"He was completely irrelevant to the campaign. The campaigns were vicious and mean - we attacked the opponent over and over again and never showed our candidate. It was totally negative." 
Stephen Harper joined the NCC in 1997, resigning as President in 2002 to run for the leadership of the Canadian Alliance Party. 

Emily Dee wrote about Finkelstein's influence on Canadian politics three and a half years ago and Montreal Simon reminds us of four Finkelthink attack ads the Cons launched against Dion, Ignatieff, and Layton. 
.

On the Benevolence of Slippery Slopes: Women Taking the Lead

Song of the Watermelon - Wed, 11/19/2014 - 23:54

http://upload.wikimedia.org/wikipedia/commons/5/51/KimCampbell.jpgI had the pleasure last week of attending a public talk called “Women’s Voices: What Difference Do They Make?” featuring Canada’s first and only female prime minister, Kim Campbell.

Appearing at Vancouver’s Harbour Centre campus of Simon Fraser University, the former PM sat down with Shari Graydon of Informed Opinions to discuss women’s participation in government, business, and the media. She spoke with ease and humour about her time in politics, relating such anecdotes as the aura of stunned silence which prevailed when, having recently been promoted to cabinet, she disrupted the old boys’ atmosphere by launching into a graphic elucidation of some of her own personal struggles with birth control; or the way the press hammered her during the 1993 election over such irrelevancies as her choice of earrings, or whether it was wise for her to have made a proclamation she never actually made (i.e. “an election is no time to discuss serious issues”).

The moment I had been waiting for, however, came towards the end when, in response to a question from the audience, Campbell talked about a proposal for electoral reform she had outlined some weeks earlier at a women’s conference in Prince Edward Island. The proposal goes like this: every federal riding would elect two members of parliament — a man and a woman — instead of just one. Thus, the perennially out-of-reach goal of gender parity in the House of Commons would finally be achieved.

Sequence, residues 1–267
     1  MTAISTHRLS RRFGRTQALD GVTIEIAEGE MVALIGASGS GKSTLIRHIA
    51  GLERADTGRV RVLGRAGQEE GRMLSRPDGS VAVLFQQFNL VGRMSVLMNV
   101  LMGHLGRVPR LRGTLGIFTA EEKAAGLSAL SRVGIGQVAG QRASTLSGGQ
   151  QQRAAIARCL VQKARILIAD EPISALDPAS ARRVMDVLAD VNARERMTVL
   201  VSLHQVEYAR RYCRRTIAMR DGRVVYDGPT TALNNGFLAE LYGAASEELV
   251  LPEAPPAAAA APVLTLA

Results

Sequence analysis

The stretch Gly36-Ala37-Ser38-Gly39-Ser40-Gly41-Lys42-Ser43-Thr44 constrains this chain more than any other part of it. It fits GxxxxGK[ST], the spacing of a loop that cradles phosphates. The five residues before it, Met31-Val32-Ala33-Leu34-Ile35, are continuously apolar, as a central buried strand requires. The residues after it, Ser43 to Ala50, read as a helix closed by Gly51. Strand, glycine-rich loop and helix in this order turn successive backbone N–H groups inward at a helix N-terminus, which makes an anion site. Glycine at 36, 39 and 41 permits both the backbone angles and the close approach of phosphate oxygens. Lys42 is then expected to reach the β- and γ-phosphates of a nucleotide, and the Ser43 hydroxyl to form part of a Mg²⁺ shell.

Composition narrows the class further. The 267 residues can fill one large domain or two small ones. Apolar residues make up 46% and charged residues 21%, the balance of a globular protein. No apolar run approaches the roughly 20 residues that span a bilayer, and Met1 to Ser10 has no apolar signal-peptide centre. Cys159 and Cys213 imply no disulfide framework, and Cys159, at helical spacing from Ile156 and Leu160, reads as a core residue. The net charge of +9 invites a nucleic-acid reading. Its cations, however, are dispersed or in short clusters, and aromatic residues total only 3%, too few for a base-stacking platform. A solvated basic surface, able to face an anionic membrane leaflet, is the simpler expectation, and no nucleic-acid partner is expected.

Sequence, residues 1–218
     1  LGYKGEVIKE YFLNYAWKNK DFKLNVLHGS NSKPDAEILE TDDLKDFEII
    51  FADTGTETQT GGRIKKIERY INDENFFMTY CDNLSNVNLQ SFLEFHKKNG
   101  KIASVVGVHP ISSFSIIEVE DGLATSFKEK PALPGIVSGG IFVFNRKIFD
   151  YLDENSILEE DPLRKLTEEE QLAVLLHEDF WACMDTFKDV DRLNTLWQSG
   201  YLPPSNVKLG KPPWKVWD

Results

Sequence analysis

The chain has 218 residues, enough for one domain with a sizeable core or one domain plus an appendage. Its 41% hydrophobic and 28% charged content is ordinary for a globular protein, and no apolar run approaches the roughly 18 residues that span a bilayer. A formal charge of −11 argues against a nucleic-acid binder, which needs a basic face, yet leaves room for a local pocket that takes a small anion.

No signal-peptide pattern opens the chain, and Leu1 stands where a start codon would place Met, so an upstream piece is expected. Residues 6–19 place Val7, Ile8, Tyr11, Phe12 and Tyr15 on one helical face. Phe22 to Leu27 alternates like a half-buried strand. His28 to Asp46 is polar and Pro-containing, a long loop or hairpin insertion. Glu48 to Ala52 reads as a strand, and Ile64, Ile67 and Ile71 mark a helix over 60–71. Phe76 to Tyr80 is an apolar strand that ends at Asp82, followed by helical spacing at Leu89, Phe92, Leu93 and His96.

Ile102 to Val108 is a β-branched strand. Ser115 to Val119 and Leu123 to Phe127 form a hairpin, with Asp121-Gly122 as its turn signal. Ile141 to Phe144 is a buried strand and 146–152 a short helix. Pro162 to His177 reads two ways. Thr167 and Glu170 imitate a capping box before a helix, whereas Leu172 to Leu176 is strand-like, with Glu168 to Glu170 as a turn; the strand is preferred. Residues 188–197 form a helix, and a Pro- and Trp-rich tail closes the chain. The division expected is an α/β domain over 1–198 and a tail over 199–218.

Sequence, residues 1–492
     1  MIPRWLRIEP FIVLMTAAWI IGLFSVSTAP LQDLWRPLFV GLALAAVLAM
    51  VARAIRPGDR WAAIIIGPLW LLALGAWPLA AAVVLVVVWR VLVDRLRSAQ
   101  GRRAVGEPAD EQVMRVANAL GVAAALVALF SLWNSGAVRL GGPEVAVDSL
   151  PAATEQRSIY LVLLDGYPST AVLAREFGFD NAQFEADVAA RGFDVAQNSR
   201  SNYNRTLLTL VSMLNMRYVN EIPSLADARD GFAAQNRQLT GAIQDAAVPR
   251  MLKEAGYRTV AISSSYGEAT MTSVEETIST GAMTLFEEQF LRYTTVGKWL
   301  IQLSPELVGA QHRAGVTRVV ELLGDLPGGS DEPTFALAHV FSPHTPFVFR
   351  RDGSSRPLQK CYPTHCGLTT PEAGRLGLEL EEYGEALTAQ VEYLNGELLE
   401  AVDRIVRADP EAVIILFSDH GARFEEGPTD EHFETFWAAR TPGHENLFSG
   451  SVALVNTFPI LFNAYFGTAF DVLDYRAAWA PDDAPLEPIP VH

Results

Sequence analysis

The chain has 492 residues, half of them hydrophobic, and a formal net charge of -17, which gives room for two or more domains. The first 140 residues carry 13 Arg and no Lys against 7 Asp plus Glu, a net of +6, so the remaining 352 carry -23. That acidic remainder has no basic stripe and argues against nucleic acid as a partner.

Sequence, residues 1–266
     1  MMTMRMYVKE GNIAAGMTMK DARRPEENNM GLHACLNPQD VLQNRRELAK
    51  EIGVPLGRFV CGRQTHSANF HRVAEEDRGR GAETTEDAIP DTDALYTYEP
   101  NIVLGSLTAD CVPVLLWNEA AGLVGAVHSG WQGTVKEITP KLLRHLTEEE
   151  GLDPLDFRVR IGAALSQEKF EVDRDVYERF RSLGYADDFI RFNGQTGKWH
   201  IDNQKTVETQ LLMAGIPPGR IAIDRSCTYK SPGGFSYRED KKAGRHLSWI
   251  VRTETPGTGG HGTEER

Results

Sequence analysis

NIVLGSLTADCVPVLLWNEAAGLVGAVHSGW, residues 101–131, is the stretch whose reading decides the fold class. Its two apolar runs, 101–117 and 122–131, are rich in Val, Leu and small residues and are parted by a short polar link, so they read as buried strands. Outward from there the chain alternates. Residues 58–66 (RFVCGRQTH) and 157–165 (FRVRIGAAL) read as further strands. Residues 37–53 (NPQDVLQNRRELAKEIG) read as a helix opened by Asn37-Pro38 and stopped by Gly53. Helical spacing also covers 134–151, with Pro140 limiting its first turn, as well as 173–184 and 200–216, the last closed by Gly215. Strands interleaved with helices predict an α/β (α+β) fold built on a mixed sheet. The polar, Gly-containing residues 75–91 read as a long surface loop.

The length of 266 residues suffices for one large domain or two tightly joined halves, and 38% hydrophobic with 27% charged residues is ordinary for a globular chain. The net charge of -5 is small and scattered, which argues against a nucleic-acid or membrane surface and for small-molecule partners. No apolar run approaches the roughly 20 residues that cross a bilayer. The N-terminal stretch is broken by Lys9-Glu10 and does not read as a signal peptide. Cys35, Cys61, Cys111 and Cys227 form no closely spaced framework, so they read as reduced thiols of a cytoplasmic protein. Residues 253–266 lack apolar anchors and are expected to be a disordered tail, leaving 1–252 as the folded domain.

The plan is not without its difficulties. It would require either an increase in the number of MPs, a decrease in the number of ridings, or, most likely, some moderate combination of the two. I also worry that with the reintroduction of multi-member districts under what is still a plurality voting system, the problem of disproportionality would be exacerbated. In fact, Campbell herself admitted that gender parity might fit more easily with proportional representation, under which parties could simply be required to alternate female and male names on their party lists.

But it was not minor quibbles such as these which captured the attention of Canada’s newspaper commentariat. By way of critiquing Campbell’s scheme, the National Post’s Kelly McParland writes:

Once a law was passed requiring a woman MP in each riding, there would inevitably be pressure to expand the mandate. Gays have as much right to demand more gay MPs, as do transgendered Canadians, and all the colours of the Canadian sexual rainbow … And if we are to introduce gender quotas, should we not also be making provision for aboriginals, the handicapped or any of dozens of significant ethnic blocks?

Trying to be cheeky, the Toronto Sun’s Adrienne Batra takes it a step further:

Create a special case for female candidates and where does it end?

Special seats for the left-handed? Dog owners? Those suffering from male pattern baldness?

The common thread seems to be that any proposal for gender parity in parliament will open the floodgates to other traditionally oppressed groups demanding fair representation of their own.